Tuesday, April 14, 2009

Immigration News Roundup - 4/14/2009

1.Undocumented immigrants raise children in poverty: A growing number of undocumented immigrants are having children in the United States and raising them in poverty, a study released on Tuesday showed. Around 11.9 million mostly Hispanic undocumented immigrants live and work in the United States, and Americans are sharply divided over what to do with them. The survey by the Pew Hispanic Center, based in U.S. Census Bureau figures, found that the number of U.S. born children of unauthorized migrants grew to 4 million in 2008, up from 2.7 million five years earlier. It found that a third of the children of unauthorized immigrants and a fifth of adult unauthorized immigrants live in poverty -- nearly double the poverty rate for children of U.S.-born parents...

2. U.S. citizens locked up as illegal immigrants: In a drive to crack down on illegal immigrants, the United States has locked up or thrown out dozens, probably many more, of its own citizens in the past eight years. A months-long Associated Press investigation has documented 55 such cases, on the basis of interviews, lawsuits and records obtained under the Freedom of Information Act. These citizens were detained for periods from one day to five years. Immigration lawyers say there are hundreds of such cases.

3. Arrest Data Add Fuel to Debate on Illegal Residents: About 2 percent of the people charged with major violent crimes in Prince William County last year were illegal immigrants, but they were arrested for a larger portion of secondary offenses, according to newly released statistics and a Washington Post analysis that offer the first comprehensive look at criminal activity since the county implemented its controversial anti-illegal immigration measures...George E. Tita, an associate professor of criminology, law and society at the University of California at Irvine, said the charges against illegal immigrants are, in part, due to their circumstance. They can't get driver's licenses and often can't get legitimate work, so arrests for prostitution and driving without a license are to be expected, he said.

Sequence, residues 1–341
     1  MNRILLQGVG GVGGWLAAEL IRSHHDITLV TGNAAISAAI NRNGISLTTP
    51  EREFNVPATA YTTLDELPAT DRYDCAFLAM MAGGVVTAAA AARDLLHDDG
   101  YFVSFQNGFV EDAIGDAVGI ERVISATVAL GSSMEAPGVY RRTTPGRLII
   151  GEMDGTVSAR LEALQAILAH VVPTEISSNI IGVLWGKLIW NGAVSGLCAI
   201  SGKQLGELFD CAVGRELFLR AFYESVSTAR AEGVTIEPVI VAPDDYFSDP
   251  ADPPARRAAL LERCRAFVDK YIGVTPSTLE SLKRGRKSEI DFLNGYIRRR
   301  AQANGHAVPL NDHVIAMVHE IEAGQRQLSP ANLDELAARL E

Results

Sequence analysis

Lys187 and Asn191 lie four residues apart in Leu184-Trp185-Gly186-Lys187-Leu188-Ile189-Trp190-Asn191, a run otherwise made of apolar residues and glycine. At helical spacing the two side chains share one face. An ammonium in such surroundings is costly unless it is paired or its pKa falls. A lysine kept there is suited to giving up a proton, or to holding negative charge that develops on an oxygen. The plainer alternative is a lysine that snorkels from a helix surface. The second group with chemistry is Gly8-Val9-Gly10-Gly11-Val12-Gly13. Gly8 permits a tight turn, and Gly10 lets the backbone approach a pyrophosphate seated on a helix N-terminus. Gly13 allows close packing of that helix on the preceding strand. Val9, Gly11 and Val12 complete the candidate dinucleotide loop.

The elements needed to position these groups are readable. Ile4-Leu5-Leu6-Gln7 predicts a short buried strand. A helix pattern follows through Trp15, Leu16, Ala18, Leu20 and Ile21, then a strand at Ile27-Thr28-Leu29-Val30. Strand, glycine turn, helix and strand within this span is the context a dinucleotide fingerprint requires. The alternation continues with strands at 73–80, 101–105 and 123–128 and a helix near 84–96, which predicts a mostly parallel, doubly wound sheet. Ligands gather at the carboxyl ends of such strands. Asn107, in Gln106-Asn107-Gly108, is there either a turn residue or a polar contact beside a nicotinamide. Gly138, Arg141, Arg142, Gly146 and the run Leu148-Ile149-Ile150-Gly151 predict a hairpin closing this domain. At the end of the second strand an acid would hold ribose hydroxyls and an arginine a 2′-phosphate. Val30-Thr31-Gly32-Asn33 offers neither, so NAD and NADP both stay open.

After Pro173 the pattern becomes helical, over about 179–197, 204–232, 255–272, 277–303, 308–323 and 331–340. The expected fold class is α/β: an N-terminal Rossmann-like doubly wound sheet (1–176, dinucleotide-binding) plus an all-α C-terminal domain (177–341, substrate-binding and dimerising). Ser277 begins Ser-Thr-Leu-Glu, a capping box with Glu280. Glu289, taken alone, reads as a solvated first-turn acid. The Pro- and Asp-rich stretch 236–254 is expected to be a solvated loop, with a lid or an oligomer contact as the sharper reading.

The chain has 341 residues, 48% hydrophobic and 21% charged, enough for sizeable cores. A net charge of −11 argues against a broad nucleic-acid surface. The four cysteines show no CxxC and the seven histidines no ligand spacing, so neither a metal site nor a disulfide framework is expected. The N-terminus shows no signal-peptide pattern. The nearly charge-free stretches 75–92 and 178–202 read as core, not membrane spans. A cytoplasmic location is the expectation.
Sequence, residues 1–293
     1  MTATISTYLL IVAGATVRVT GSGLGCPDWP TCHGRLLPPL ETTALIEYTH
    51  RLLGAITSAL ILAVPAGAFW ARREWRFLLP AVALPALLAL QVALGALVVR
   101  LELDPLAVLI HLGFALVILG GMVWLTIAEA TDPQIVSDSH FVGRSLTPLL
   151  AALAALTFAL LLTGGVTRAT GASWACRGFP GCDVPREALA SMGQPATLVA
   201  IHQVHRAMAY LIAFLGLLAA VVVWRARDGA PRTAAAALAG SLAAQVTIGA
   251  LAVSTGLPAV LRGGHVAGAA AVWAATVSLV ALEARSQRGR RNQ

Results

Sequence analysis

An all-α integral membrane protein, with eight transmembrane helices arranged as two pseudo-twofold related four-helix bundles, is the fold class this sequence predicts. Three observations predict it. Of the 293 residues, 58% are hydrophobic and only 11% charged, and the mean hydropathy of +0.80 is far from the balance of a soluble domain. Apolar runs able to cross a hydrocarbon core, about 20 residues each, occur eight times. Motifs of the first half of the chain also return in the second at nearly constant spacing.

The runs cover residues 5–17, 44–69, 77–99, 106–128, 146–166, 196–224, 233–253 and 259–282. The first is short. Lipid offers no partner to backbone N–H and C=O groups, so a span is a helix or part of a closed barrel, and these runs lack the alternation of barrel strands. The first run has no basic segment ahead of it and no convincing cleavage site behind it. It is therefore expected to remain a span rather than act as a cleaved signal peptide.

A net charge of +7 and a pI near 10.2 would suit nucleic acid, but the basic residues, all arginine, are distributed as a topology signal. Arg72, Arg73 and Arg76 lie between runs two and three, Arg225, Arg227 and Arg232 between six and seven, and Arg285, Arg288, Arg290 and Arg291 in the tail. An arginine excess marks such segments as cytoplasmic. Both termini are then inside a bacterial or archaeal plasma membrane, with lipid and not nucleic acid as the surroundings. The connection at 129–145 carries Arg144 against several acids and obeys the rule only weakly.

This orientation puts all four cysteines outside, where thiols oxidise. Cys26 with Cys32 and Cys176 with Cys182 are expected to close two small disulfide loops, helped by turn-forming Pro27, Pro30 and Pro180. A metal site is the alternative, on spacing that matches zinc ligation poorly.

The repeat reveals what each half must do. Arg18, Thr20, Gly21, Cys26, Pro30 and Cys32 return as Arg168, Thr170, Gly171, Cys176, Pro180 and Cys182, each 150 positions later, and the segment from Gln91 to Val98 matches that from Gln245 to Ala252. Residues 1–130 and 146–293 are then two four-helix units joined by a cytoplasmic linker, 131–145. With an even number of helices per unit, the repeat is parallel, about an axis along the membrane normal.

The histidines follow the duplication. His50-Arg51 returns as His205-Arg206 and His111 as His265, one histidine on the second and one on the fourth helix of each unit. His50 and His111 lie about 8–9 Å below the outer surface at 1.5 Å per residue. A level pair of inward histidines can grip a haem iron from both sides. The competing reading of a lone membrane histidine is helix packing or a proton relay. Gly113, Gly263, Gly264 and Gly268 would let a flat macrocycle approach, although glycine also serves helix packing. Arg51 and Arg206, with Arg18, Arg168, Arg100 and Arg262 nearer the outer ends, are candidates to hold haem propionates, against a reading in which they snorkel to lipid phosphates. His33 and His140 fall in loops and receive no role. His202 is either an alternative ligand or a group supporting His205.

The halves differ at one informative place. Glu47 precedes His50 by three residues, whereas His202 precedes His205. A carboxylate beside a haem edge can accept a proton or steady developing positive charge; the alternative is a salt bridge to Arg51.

Photo: At the Jackson Cupboard food bank in Jackson Hole, Wyoming

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